Accredit

The dean glared at Elijah T. Baccin over his miniature bifocals. He had been told that he looked like a young Benjamin Franklin in the right light, and he had every intention of keeping his desk in the penumbra of the lone standing lamp in his office. To be glared at by the same visage as haunted the $100 bill in a student’s pocket was a fright indeed. Elijah, however, did not seem fazed in the slightest. He continued to smile with perfect simplicity. They’d shared an awkward lunch at the campus bistro and a light sheen of oil painted his upper lip.

“Elijah,” said the dean, “I’ve looked at your transcripts. And your diploma.”

“Have you?” said Elijah. He licked at the oil in his faint stubble.

“Er,” said the dean, “yes. Some of your students have reported certain eccentricities.”

“A professor ain’t a proper professor without a few quirks,” said Elijah. He folded his arms. The satisfaction that emanated from his grin was inversely contagious, so that it deepened the dean’s frown the higher it rose on his face.

“I do allow for some…idiosyncrasy…from my faculty, Mr. Baccin, but not oddity.”

“Anybody complainin’?”

“No, the students seem to be enjoying your classes. Such as they are.”

“But?”

The dean pushed his bifocals up the bridge of his nose. “Your diploma does not appear to be from an accredited university, Elijah. Your transcript as well; I’m not certain I’ve ever heard of Babaloo U.”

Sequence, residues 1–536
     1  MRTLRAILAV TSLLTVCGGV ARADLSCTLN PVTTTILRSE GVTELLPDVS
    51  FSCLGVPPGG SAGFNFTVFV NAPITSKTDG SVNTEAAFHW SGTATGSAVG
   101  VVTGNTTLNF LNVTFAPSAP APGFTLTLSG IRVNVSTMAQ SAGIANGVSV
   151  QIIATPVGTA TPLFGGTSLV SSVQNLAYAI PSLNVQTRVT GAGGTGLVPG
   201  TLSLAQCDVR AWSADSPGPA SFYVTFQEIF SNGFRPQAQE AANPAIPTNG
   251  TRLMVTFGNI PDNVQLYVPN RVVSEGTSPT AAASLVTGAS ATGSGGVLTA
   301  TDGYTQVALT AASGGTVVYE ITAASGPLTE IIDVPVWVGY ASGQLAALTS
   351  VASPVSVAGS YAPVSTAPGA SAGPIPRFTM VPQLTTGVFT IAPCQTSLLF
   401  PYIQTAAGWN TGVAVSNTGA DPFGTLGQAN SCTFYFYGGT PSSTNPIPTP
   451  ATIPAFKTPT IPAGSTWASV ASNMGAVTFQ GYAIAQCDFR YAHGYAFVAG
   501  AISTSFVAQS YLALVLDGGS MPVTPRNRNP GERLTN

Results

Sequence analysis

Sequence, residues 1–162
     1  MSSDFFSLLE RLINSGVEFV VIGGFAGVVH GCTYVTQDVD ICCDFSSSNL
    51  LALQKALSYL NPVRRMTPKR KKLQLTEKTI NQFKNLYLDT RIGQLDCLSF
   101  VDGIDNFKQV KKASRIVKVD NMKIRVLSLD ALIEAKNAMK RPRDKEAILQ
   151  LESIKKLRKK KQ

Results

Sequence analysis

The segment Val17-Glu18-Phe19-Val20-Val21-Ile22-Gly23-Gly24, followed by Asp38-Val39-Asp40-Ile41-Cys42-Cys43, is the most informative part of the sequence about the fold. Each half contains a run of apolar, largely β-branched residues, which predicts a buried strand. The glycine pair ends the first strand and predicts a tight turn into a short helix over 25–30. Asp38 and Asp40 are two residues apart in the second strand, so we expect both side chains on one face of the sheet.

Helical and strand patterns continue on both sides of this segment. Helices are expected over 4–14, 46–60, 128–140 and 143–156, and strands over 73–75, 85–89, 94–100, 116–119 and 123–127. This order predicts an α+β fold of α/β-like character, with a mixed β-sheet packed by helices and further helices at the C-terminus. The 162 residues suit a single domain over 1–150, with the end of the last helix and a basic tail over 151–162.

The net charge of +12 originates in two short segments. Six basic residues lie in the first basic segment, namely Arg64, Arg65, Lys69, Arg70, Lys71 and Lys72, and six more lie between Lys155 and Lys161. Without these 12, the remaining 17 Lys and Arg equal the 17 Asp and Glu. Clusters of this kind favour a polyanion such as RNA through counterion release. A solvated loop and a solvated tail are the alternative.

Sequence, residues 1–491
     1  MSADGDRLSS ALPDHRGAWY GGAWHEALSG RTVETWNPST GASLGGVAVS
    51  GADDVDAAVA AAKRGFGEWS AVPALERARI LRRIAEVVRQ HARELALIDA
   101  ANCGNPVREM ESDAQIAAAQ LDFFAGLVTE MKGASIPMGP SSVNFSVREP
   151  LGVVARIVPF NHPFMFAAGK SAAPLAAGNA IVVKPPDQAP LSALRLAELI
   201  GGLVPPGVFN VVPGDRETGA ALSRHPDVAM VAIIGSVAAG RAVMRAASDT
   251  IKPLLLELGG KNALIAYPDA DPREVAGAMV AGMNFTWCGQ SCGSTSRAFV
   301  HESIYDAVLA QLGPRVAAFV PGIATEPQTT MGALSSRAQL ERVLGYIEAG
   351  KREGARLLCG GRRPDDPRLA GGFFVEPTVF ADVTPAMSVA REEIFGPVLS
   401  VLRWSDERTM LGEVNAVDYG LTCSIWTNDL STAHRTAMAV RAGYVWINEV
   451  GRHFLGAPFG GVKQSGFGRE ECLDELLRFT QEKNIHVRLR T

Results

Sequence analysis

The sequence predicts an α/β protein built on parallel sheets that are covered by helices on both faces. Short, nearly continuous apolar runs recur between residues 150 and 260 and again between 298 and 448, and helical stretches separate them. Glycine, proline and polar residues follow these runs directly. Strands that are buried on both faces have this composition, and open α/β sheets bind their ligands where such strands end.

“Shame,” said Elijah. “They’d’a loved you.”

“Where is the university located?”

“Right now?”

“When else?”

“What day is it?”

The dean’s frown deepened and Elijah’s mouth became a coy u. “Elijah, I think it’s best if you took a leave of absence, indefinitely.”

“Where should I take it?”

“Away,” said the dean. “I don’t care where, just away. Go away.”

“Sorry,” the other man said rising from his chair. “I didn’t mean no harm. Ya’ll have a nice day then.”

The dean snorted. “There’s only one of me, Elijah.”

“Oh? Then who’s that itchy lookin’ feller on your shoulder? He’s been talking into your ear all night.”

Hating himself, the dean glanced over both his shoulders. There was of course nothing there. “I’m not in the mood for games, Elijah.”

“A game’d do you some good, dean. That little rascal’s been playing you for a good long time, I ‘spect.”

“There is nothing in this office save the two of us, and shortly I hope to be alone.”

“If’n I leave you alone he’s liable to climb right back up your bum.”

“Get out, Elijah,” said the dean.

“You’re the boss,” said Elijah. He threw up his hands and backed toward the door. The man cast his first worried look at the dean’s shoulder then turned, shaking his head and exiting the office, shutting the door softly behind him.

The dean shifted in his seat as his bowels issued a peremptory rumble. He grimaced. “Damn red sauce is what it is,” he muttered to himself. He ignored the accustomed titter that echoed out of his belly.

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